Published on June 29th, 2015 | by Brad0
Minions – Review
It’s odd how ubiquitous the Minions have become over the last five years. Created as slapstick relief for 2010’s Despicable Me, their brand of gobbledegook nonsense and cartoonish violence has taken the world by storm – from everyday memes clogging up your news feed to t-shirts, children’s toys and now, inevitably, their own spin-off film, Minions. So can they hold their own film, or are they at their best in small doses; will stretching their shtick to feature length stretch the joke too thin?
The film makes a very strong opening. I’ve always enjoyed when films do a twist on the company logos at the start and Universal are particularly good sports for it (see Waterworld opening with the entire Earth underwater on their logo, or Scott Pilgrim vs. the World with the 8-bit version of the theme.) Here we have the Minions singing the Universal theme, which is very funny. The opening sequence of the film proper follows the Minions through time, from single-celled organisms to the form we know them to have. Their purpose throughout time is to follow and help the most despicable villain of the age. This leads to some laugh-out-loud sequences as their innate goofiness causes the downfall of a T-Rex, Caveman, Pharaoh, Vampire and eventually Napoleon Bonaparte, before the Minions enter a self-imposed exile in the Arctic. As well as being laugh out loud funny, there’s a certain degree of daring to opening a children’s movie with a scene depicting evolution through the ages. Can’t wait to see how that goes over when it opens in America in July! Also very telling is that the Minions go into exile after the Napoleonic wars and re-emerge in 1968, bypassing the most despicable villains of the early 20th Century!
Their exile robs the Minions of their purpose, and over the course of 150 years of musical numbers and winter sports they fall into a deep depression. This leads Kevin, our star and hero, to decide to leave their Arctic cave and go out in search of a new boss for them to serve. Along with teenage rock star wannabe Stuart and excitable child Bob, he strikes out into the world, winding up in New York City in 1968. One of the first things they see is a billboard for Richard Nixon, and I really wish that’s the direction they’d gone in for a bit – the Minions working for Nixon seems like a natural fit to me, and rife with comedic possibility. Sadly that’s bypassed, and they wind up hitchhiking to Orlando to attend Villain Con and find a Super Villain to serve.
Their road trip brings them into the company of the Nelson family, led by parents Madge (Allison Janney) and Walter (Michael Keaton). On first appearance the Nelsons appear to be your average family on a road trip, but they’re quickly revealed to be a crew of maniacal bank robbers. The Nelsons crop up throughout and are by far the funniest characters in the film. The human supporting characters upstaging the Minions is a recurring theme throughout Minions, which is almost a weird inversion of the original Despicable Me. In that film, the human characters are the heart and soul, with the Minions popping up periodically to do something hilarious; in Minions, the opposite is true, as it’s Kevin’s story we follow, with hilarious one-dimensional human cut-outs popping up to provide the belly laughs. So can a gibberish-speaking cartoon carry a feature?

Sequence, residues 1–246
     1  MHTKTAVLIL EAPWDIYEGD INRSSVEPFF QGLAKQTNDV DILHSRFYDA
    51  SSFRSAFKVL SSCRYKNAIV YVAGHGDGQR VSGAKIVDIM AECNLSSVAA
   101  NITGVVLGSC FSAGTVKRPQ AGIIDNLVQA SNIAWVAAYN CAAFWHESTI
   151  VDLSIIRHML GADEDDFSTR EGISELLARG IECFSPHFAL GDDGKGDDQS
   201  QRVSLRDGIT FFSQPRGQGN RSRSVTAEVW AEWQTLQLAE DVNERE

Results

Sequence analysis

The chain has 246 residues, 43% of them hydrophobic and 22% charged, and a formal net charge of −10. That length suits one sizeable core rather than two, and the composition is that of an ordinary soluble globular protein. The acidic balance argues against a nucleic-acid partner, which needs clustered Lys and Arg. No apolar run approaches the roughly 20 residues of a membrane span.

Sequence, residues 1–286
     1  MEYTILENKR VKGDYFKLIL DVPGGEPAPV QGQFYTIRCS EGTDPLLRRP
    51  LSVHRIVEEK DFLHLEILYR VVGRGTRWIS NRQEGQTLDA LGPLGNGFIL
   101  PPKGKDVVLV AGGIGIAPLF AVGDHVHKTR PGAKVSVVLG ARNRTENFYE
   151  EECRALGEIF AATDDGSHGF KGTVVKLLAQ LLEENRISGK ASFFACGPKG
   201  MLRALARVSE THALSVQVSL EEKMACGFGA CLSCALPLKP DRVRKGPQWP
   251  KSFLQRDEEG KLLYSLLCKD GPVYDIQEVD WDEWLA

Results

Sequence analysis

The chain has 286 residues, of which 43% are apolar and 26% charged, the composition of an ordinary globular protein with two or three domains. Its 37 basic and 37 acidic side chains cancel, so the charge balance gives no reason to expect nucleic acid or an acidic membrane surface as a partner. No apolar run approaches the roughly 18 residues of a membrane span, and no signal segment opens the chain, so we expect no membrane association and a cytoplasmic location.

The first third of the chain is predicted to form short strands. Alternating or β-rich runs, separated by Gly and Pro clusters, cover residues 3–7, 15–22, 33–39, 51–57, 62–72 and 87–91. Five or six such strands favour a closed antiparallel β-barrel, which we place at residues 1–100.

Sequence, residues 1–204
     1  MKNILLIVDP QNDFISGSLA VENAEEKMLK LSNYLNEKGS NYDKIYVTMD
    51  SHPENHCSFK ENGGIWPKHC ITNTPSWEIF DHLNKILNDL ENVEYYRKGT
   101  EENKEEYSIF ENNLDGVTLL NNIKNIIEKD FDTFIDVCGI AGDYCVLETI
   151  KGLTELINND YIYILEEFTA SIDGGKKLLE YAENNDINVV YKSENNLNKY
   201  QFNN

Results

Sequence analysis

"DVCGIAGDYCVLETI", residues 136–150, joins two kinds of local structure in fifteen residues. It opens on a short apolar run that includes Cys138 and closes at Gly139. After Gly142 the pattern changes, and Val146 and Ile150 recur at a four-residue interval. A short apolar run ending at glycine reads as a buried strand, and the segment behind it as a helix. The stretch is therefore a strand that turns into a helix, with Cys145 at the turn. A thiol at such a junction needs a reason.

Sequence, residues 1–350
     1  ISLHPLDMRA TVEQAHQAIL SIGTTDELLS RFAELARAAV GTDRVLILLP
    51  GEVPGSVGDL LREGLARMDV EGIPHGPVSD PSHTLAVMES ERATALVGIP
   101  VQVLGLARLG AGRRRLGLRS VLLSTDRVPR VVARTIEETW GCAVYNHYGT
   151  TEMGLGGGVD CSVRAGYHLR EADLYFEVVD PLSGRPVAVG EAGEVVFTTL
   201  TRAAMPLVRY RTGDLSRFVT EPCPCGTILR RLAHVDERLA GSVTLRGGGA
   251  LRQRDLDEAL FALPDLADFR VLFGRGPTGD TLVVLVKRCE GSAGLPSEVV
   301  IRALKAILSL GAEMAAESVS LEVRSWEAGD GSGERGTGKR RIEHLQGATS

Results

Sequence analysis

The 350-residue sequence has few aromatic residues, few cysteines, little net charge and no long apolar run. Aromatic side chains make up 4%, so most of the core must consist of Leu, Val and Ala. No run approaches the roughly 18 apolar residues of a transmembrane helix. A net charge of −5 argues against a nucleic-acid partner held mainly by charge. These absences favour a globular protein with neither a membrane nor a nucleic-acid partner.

Not really, no. Kevin’s story is vaguely involving, and the antics he, Stuart and Bob get up to are amusing enough. Co-director Pierre Coffin’s Minion voices and weird language are inherently amusing, and there’s a strong baseline of chuckles from the leads. But they feel like the antics of supporting characters – indeed, the periodic cuts to the rest of the tribe to see what they’re up to while all this is going on are much funnier than the antics of the central trio. The saving grace is the human cast. As well as the aforementioned Nelsons, we have the villain they want to work for, Scarlet Overkill (Sandra Bullock.) Scarlet’s from the “backwards and in heels” school of super-competent female equivalents, and her backstory allows for a little fun-poking at the classic Disney Princess arc. She never quite feels fully formed, though, and is more of a funny idea than a funny character. Her husband Herb (Jon Hamm), though, is a hoot. A new-age, hippy-dippy louche who makes all of his wife’s weaponry, Herb Overkill is like a Jeff Goldblum character from the late 80s/early 90s taken to the most cartoonish extreme possible. If it weren’t for the Nelsons, he’d steal the movie. Scarlet’s scheme is to overthrow Queen Elizabeth (Jennifer Saunders), portrayed as a drinker and fighter here to much more successful effect than the risible Royal Night Out. A recurring gag about British people drinking a lot of tea lands very well, too.
In all, Minions is a mixed bag of a film. It’s funny, for sure, but it feels like empty laughs. The great strength of Despicable Me was that it had a story with a real heart behind it and characters you cared about. The Minions were the slapstick icing on the cake. In Despicable Me 2 and Minions, the slapstick relief characters are brought to the forefront. And, while that makes for funnier films, the heart is a little lost in the shuffle. Minions is plenty enjoyable, and if you have younger children they will absolutely love it, but the series feels like it’s moving ever further away from what made the original so likable in the first place. Not that I won’t be back for Despicable Me 3, mind you. I think the Minions need to go back into the background, though. That or appear in some five-minute shorts.